SmartPulse — our weekly nonscientific reader poll in SmartBrief on Leadership — tracks feedback from more than 210,000 business leaders. We run the poll question each week in our e-newsletter.

How effectively do you “manage up”?

  • Very — I manage my boss/superiors quite well: 41%
  • Somewhat — I occasionally don’t do this well: 47%
  • Not very — I struggle to manage up on most occasions: 10% 
  • Not at all — I’m not effective at managing up: 2%

Managing in Both Directions. It’s encouraging to see many folks investing the time and energy in managing their boss. Their needs and expectations have just as much impact on your/your team’s performance as do the members of your team. That impact requires a commensurate amount of time and energy to manage. Specifically set aside time to manage your boss. Keep a log of issues and information you want to get in front of them to ensure you’re always approaching the business from the same perspective. (read more…)

SmartPulse — our weekly nonscientific reader poll in SmartBrief on Leadership — tracks feedback from more than 210,000 business leaders. We run the poll question each week in our e-newsletter.

What experience have you had with being “layered” at work?

  • I’ve never been “layered”: 6%
  • I’ve been “layered” and it worked out great: 2%
  • I’ve been “layered” and it was horrible: 7% 
  • What’s getting “layered”?: 85%

What happens when you’re “layered.” Getting layered means there’s a reorganization where someone new gets inserted as a “layer” between you and your existing boss. You no longer report to your boss – you report to the new person who reports to your boss. This can be an uncomfortable and awkward situation. If you’re layered, you can take several steps to make the change go smoothly like acknowledging the awkwardness and fully supporting your new boss. Your initial approach to the change can make it be a great one or a disaster. (read more…)

SmartPulse — our weekly nonscientific reader poll in SmartBrief on Leadership — tracks feedback from more than 210,000 business leaders. We run the poll question each week in our e-newsletter.

How full is your “negotiating toolkit”?

  • Very — I know many great negotiating techniques: 20%
  • Kind of — I know a few core negotiating techniques: 42%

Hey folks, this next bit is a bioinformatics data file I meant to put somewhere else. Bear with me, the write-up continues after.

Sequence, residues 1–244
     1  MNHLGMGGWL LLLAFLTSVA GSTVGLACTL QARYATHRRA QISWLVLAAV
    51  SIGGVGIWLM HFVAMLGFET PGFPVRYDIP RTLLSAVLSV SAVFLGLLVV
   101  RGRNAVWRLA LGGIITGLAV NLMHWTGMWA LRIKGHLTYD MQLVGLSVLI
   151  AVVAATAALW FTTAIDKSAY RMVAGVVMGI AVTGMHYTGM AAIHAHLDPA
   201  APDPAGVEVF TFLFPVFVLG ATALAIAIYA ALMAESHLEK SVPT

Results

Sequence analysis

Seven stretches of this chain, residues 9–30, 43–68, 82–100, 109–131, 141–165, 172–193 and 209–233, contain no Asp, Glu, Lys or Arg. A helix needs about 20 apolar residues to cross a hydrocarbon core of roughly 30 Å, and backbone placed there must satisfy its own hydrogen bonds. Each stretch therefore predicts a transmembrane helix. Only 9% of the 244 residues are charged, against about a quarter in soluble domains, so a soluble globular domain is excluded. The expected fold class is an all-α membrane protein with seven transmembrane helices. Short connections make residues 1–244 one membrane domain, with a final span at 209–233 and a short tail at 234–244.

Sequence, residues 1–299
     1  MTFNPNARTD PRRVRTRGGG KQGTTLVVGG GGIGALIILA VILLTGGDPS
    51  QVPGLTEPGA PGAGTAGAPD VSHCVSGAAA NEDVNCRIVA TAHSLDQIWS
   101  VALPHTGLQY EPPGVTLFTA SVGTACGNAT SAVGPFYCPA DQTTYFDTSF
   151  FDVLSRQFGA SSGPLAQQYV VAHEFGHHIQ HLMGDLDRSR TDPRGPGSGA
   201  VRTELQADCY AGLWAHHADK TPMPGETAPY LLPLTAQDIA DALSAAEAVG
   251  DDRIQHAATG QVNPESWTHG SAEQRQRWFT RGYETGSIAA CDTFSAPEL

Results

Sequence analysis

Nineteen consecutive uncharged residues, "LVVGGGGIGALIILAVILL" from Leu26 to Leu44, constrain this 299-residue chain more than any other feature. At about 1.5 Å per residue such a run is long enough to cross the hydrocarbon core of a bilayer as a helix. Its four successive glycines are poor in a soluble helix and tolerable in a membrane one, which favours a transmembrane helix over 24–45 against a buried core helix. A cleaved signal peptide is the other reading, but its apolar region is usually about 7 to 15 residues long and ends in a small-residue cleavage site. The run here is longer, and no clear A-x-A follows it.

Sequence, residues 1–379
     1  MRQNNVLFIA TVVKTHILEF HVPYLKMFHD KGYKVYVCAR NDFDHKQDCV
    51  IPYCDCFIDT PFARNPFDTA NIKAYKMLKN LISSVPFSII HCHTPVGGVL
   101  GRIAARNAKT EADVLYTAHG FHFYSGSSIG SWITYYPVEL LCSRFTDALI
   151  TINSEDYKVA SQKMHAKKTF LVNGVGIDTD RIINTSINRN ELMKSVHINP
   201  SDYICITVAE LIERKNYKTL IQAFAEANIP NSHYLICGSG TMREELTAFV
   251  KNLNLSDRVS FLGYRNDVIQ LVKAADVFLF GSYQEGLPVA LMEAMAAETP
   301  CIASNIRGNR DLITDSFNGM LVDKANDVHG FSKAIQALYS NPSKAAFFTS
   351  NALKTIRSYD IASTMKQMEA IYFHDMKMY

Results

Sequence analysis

• Not very — I know one or two key negotiating techniques: 25% 
  • Not at all — My toolkit is virtually empty: 13%

Learn the Tools, Win the Deal. It’s surprising that 80% of respondents said they’re “kind of” or less on how full their negotiating toolkit is. The ability to negotiate is a huge determinant of your happiness and success. These skills aren’t only for Procurement people. Negotiating for a day off, a different role, compensation, promotions, and even where to eat lunch as a team can seriously impact how happy and successful you are. (read more…)

SmartPulse — our weekly nonscientific reader poll in SmartBrief on Leadership — tracks feedback from more than 210,000 business leaders. We run the poll question each week in our e-newsletter.

Have you ever faced a major ethical dilemma at work?

  • Yes, and I navigated it well: 70%
  • Yes, and I navigated it poorly: 12%
  • No, but I feel prepared to deal with one: 17% 
  • No, and I feel unprepared to handle it: 1%

Difficult Ethical Dilemmas. Many of you have faced these challenges and and handled them well. For those of you who didn’t or who don’t feel prepared, don’t be discouraged or intimidated. These situations can be overcome by executing a few key steps. Be right, seek counsel, document events, and keep good records. In doing those four things, you’ll have protected yourself in the process of making a difficult call. Failure to follow these steps likely results in an ugly situation. (read more…)

SmartPulse — our weekly nonscientific reader poll in SmartBrief on Leadership — tracks feedback from more than 210,000 business leaders. We run the poll question each week in our e-newsletter.

What’s the most important element of a great leadership conference?

  • Awesome speakers and topics: 62%
  • Lots of vendors to interact with: 1%
  • Great breakout sessions: 22% 
  • Social and networking activities: 13%
  • Great venue and location: 2%
  • Other aspects like cost and giveaways: 1%

Content is King. With time being so limited, it’s important to get the most out of learning events and conferences. Folks were pretty clear that the best conferences are about speakers and topics first and foremost. Breakout sessions were a distant second but still hold a draw. And of course, the ability to network with colleagues is important too. If you’re not focusing first on content above all other things, you might not be attending the best conferences out there. (read more…)